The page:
By Yussif Ibrahim/Sarah Frimpong, GNA
Kumasi, Sept. 05, GNA – Hundreds of unemployed nurses from the Brong Ahafo and Ashanti Regions on Wednesday hit the streets of Kumasi to protest government’s delay in posting them.
The protestors who were all wearing red head and arm bands, held placards with various inscriptions, which depicted their frustrations, converged at the Jubilee Park from where they marched through the principal streets and later picketed at the forecourt of the Regional Coordinating Council.
Some of the inscriptions of the placards read, ‘Post Nurses Now’, ‘No more Assurances’, ‘We need our clearance now’, ‘Enough of the reassurances’, King Promise Nana Addo, post bonded nurses’ and ‘2020 will come’.
The protest, which was also being held simultaneously in five other regions, was to drive home their demand for immediate financial clearance to pave way for their posting.
The National President of Ghana Nurses and Midwife Trainees Association, Batiah Semi-Ulah Santi, who spoke to the Ghana News agency (GNA), on the side-lines of the procession, said the financial clearance had been long overdue.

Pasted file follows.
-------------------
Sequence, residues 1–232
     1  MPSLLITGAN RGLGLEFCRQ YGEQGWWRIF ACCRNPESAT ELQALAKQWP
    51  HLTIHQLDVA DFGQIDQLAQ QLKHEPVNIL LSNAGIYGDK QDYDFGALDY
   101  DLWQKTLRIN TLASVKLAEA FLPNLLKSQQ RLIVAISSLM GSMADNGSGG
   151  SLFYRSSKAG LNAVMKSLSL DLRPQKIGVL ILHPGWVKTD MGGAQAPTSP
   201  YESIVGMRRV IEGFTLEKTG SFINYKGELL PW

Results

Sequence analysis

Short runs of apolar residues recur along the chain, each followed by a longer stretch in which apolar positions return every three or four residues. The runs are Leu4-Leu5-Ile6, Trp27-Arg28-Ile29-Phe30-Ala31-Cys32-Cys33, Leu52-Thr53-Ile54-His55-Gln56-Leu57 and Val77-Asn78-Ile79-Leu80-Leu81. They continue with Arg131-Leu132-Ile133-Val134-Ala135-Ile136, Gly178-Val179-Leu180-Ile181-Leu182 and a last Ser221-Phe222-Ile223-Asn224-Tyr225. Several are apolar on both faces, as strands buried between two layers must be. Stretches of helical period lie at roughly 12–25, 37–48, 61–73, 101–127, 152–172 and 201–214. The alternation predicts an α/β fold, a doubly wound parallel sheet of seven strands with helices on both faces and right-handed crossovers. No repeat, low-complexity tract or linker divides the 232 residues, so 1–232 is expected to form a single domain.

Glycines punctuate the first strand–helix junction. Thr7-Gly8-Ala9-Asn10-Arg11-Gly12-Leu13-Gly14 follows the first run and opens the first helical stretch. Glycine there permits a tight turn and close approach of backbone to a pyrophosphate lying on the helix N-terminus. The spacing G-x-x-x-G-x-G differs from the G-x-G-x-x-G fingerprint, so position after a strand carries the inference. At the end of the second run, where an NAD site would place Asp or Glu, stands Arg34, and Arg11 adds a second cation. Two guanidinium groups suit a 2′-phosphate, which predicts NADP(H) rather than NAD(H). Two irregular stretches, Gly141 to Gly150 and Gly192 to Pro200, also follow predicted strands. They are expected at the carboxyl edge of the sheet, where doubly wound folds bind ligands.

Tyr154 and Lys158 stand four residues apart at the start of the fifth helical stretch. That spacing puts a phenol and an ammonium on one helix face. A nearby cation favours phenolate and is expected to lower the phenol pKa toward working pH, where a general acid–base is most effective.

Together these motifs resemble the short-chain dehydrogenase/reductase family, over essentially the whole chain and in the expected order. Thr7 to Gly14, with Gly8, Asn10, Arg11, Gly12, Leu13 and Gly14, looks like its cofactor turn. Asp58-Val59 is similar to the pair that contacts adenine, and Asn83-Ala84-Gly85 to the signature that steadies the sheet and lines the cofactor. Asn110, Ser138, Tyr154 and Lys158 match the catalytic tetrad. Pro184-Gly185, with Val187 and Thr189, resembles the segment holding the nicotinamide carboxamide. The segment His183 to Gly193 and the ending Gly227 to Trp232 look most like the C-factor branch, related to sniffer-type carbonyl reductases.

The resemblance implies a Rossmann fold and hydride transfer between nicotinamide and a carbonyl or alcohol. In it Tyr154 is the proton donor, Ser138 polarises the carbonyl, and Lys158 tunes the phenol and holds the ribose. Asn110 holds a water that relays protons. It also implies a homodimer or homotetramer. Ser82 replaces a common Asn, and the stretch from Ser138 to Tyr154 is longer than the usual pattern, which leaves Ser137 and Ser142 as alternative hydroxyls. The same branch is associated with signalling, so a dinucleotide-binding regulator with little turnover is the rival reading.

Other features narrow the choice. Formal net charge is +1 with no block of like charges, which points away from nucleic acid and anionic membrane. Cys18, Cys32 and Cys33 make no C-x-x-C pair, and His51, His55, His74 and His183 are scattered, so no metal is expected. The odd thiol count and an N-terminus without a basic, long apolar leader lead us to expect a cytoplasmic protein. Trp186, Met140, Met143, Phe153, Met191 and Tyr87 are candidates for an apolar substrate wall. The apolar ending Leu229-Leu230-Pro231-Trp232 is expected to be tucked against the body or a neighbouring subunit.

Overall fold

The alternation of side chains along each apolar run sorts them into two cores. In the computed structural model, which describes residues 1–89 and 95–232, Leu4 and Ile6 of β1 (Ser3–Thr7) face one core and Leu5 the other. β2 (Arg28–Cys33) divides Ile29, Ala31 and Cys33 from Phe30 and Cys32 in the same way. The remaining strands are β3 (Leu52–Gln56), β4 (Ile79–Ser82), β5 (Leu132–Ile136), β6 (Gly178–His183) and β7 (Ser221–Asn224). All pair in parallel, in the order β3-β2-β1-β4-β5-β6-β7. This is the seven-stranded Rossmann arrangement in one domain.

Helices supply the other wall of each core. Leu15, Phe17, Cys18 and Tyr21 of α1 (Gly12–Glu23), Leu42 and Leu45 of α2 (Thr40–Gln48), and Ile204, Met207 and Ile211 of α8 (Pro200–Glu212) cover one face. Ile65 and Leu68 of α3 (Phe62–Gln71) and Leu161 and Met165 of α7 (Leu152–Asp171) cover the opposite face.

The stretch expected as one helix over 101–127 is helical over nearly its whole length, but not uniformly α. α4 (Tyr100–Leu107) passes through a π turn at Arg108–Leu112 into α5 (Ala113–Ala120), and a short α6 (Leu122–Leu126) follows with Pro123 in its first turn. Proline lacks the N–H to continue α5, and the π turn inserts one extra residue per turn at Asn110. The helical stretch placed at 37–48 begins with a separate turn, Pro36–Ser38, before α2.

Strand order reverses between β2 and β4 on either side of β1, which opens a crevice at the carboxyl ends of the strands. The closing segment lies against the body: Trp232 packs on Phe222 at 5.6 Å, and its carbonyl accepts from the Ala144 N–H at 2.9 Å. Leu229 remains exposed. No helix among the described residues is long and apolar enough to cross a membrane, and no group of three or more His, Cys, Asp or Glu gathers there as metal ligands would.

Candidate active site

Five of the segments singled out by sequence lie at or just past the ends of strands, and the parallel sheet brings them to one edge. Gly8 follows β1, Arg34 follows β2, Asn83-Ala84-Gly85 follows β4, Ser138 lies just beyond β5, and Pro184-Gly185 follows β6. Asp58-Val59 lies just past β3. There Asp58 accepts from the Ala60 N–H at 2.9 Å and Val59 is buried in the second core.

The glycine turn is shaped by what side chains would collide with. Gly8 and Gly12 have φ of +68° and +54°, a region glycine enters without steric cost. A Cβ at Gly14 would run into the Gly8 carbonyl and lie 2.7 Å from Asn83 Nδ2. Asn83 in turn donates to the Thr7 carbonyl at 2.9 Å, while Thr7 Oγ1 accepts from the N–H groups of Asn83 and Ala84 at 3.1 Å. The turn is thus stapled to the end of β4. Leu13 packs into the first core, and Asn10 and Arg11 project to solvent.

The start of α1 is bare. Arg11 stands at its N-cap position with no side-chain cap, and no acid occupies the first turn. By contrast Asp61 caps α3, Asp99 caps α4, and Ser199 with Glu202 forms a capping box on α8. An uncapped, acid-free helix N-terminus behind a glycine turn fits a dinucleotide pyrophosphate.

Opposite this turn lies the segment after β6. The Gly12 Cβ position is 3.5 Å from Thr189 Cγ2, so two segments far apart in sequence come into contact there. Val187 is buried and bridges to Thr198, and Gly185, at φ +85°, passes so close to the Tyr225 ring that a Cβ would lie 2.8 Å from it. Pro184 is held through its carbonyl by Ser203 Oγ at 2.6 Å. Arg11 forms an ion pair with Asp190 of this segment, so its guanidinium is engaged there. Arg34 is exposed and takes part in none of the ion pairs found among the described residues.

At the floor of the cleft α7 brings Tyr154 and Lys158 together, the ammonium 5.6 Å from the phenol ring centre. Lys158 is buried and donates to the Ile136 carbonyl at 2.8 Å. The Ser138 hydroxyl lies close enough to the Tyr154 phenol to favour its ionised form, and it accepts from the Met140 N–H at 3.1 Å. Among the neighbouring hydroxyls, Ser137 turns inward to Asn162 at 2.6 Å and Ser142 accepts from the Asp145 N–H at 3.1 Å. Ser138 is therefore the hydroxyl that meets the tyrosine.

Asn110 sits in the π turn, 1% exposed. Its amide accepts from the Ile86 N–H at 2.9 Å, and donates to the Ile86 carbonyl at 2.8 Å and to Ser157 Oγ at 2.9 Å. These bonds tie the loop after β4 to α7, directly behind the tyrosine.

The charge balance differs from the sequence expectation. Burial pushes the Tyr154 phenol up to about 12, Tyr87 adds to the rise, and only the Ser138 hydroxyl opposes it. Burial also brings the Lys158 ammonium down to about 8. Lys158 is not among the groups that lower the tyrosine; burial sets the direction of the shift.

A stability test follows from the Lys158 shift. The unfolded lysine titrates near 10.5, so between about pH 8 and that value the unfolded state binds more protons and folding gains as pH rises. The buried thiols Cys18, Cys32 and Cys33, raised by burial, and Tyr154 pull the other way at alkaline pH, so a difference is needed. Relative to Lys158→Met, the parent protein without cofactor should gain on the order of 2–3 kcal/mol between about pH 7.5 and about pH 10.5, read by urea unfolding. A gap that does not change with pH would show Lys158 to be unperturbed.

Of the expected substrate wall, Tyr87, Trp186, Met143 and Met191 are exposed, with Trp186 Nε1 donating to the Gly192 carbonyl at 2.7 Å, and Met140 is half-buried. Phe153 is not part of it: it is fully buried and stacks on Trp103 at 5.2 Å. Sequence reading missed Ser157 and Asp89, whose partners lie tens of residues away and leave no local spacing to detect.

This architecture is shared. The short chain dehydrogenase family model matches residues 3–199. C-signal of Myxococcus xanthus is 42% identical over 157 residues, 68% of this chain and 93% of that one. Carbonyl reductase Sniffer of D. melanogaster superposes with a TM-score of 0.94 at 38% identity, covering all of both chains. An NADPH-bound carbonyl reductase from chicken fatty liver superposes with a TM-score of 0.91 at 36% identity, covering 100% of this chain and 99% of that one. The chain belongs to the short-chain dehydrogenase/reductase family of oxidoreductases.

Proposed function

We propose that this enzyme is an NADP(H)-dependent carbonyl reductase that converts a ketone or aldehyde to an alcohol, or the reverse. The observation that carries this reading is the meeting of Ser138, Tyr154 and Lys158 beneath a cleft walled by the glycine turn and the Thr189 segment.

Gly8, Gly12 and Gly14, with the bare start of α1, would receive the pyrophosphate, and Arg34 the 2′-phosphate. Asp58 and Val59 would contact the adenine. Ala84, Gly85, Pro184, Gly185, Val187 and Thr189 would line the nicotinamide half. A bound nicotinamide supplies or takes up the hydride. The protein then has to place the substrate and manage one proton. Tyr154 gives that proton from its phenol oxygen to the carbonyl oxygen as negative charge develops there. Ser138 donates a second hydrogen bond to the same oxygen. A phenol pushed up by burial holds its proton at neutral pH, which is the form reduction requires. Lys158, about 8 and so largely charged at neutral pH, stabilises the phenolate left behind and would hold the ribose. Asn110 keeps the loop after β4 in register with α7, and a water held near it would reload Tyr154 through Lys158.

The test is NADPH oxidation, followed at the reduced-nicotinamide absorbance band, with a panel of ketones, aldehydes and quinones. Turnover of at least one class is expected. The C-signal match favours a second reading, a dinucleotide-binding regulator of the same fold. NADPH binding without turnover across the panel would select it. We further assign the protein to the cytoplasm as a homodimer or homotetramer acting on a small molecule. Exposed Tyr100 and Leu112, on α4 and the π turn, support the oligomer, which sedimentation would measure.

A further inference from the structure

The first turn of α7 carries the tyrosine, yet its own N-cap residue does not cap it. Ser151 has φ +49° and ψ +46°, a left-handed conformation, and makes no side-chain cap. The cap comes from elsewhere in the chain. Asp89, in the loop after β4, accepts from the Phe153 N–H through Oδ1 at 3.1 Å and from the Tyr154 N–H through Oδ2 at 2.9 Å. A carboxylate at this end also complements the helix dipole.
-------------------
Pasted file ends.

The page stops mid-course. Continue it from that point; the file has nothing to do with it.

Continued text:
He said numerous engagements with the Minister of Health, Mr. Kwaku Agyemang-Manu and the Vice President, Dr. Mahamudu Bawumia, had yielded no fruitful results, despite many time-bound promises.
Even more disturbing, he said, was the fact that the Minister of Finance announced in the 2018 budget that 27,000 unemployed nurses had been budgeted for, yet not a single nurse had been cleared.
This, coupled with the many unfulfilled promises by the Health Minister and his deputies, to clear them for posting was a clear indication that government was taking them for granted, he stated.
The demonstration was therefore the first of the series of actions to be taken by the Association to draw the attention of government to their plight.
He said the leadership was preparing to lead what he described as a ‘one million march’ on the principal streets of Accra to the Jubilee House to meet the President himself if the Ministry failed to recruit them in three weeks.
Asked how they would mobilize one million protestors, he responded that they would include the families of the over 68,000 affected nurses and other stakeholders, willing to support their cause.